In addition to the high level of skill required to play Football, to be successful you need, among other things; good strength, power, speed and agility.This article isn't about developing more size, strength or power, it's about developing football-specific skills that will help elevate your game and get you noticed for all the right reasons.
There are elements of every position that you can practice by yourself. Quarterbacks can work on their footwork, drop, and scrambling. Receivers can work on their routes and their release off the line. Linemen can work on their first move, footwork, and hands. Defensive backs can work on their backpedaling and break to the ball…and there’s much more.
The question is not what can be done, but rather how committed are you to getting better?
Showing up early to team training to get in some extra work not only gives you an advantage over your teammates and competition, it shows the coaches that you’re committed to the team and to becoming the best player you can be. Outside of scheduled practice time, you can meet up with a fellow teammate to practice skills; catching, blocking, passing, covering, and form tackling are just some of the things you can do.
It's called football, but often how you use your hands is the difference between winning and losing. Sound hand technique is vital for all positions, but those who benefit most are wide receivers, corners, linebackers, and of course, linemen on both sides of the ball.
Good hand technique is a key part of a wide receiver's release move when faced with press coverage, and on the flip side, for defensive backs using press coverage, using the hands properly helps disrupt the receiver's route and throws off the precise timing necessary for success.
Both sides of the line can't do their jobs well without good hand technique. For offensive linemen, poor hand technique means getting beat or flagged. An offensive lineman’s hand movements must be strong and precise, and also quick enough to defeat what the opposition is doing.
On the defensive line, good hands aren't something their insurance company promises, but a key part of getting off blocks to make tackles or pressure the quarterback. Here are some excellent hand technique and placement drills for defensive linemen.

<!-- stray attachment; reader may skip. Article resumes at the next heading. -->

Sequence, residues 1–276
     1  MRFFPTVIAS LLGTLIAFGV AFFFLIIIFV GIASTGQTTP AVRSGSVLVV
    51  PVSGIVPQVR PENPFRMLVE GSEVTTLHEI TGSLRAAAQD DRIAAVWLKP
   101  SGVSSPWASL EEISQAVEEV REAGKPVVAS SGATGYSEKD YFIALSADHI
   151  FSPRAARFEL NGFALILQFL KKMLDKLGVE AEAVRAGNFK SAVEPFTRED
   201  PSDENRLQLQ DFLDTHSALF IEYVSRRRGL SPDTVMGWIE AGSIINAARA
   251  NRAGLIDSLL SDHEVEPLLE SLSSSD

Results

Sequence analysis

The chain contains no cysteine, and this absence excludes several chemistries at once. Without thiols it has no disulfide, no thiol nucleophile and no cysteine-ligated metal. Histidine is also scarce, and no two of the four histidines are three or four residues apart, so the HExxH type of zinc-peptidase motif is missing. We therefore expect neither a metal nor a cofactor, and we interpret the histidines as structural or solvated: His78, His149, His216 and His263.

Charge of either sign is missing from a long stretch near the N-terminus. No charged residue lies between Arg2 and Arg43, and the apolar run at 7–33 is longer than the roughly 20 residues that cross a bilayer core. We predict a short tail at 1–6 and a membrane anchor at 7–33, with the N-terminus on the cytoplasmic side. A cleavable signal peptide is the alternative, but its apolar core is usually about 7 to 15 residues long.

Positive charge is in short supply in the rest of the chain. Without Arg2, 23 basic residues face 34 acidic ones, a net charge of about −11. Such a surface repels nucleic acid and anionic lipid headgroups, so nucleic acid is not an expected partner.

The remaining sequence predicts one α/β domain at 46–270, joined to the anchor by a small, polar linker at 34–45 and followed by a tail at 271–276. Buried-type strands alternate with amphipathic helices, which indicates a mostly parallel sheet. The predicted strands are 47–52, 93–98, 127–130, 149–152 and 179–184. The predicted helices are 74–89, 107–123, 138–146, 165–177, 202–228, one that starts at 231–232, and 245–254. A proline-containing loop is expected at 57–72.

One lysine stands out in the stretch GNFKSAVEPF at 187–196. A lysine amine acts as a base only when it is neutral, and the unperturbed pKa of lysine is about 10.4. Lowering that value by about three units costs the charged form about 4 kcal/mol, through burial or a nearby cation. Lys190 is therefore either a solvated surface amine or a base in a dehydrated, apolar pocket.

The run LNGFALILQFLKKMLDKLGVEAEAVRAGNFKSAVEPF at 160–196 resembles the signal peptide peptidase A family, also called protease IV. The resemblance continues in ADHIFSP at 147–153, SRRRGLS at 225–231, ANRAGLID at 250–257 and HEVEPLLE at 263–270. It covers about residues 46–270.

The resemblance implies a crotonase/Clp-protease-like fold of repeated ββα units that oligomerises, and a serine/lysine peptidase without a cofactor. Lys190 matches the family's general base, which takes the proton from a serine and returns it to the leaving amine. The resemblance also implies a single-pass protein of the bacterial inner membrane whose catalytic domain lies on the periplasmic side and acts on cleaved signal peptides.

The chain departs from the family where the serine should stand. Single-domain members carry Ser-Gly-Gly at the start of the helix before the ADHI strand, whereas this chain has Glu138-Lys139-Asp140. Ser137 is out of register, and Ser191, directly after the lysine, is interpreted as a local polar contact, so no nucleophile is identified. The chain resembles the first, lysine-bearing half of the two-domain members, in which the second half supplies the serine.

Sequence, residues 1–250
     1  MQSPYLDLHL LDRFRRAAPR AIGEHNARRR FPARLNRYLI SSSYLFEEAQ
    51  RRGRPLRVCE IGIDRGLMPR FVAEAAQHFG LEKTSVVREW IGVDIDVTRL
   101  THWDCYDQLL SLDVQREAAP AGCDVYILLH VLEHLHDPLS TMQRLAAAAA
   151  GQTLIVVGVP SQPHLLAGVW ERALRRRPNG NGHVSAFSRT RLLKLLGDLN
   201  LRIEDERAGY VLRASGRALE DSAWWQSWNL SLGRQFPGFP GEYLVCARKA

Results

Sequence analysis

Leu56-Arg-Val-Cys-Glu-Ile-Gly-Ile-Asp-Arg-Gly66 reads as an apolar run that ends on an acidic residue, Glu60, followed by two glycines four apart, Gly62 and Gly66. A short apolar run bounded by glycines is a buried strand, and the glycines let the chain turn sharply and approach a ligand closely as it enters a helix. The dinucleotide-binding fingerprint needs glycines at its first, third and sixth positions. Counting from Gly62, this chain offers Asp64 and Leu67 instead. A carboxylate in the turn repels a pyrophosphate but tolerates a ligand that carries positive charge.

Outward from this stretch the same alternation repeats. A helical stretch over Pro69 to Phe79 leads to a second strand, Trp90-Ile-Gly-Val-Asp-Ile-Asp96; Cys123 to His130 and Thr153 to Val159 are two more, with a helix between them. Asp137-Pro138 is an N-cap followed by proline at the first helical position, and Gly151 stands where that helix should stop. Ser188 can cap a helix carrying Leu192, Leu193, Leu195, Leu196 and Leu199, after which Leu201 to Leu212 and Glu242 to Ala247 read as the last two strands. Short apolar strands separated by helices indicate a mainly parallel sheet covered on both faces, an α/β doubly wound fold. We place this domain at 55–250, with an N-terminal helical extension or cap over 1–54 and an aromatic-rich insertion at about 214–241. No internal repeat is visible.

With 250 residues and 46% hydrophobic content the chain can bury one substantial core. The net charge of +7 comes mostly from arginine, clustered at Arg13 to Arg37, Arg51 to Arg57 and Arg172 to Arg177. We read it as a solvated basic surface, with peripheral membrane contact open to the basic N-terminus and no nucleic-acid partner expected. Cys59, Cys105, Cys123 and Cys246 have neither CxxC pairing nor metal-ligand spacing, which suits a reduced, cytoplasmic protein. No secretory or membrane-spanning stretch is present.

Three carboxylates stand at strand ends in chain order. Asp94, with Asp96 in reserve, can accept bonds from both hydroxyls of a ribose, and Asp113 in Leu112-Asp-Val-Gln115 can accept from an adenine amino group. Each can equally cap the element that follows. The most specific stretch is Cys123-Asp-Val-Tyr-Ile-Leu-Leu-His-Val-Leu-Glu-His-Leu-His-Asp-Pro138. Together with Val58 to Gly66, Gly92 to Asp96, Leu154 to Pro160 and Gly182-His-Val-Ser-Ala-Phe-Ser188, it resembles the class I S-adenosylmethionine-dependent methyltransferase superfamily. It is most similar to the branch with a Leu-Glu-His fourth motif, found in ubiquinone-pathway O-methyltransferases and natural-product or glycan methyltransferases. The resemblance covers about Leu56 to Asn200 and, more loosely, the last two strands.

Linebackers must be able to shed blocks effectively to do their jobs. As defenders, they have considerably more leeway in hand use than do those on the offensive side of the ball. Taking on blocks with their hands lets linebackers shed blocks more effectively. In pass rush situations or taking on a lead blocker in running plays, effectively ripping the offensive player's hands away and slipping past to make the play requires using good hands.
By the 4th quarter, most football players are performing at about 85-90% of their normal capacity. Imagine if you were able to maintain 100% capacity for the entire length of a game? That would mean that you’d have a significant advantage in crunch time, the point at which most games are decided. If you’re still at peak endurance near the end of the game, you’re playing on an entirely different level than everyone else on the field. That means you have better focus, your coaches are more inclined to call a play that allows you to become the hero, and you garner the confidence of your teammates when the game is on the line.
Work to get yourself in game shape by practicing at game speed. The more you play at full speed, the more prepared your body will be for the rigors of a football game. Run 40’s after practice, take more snaps, or run more routes. Just make sure you’re ready to go on game day.
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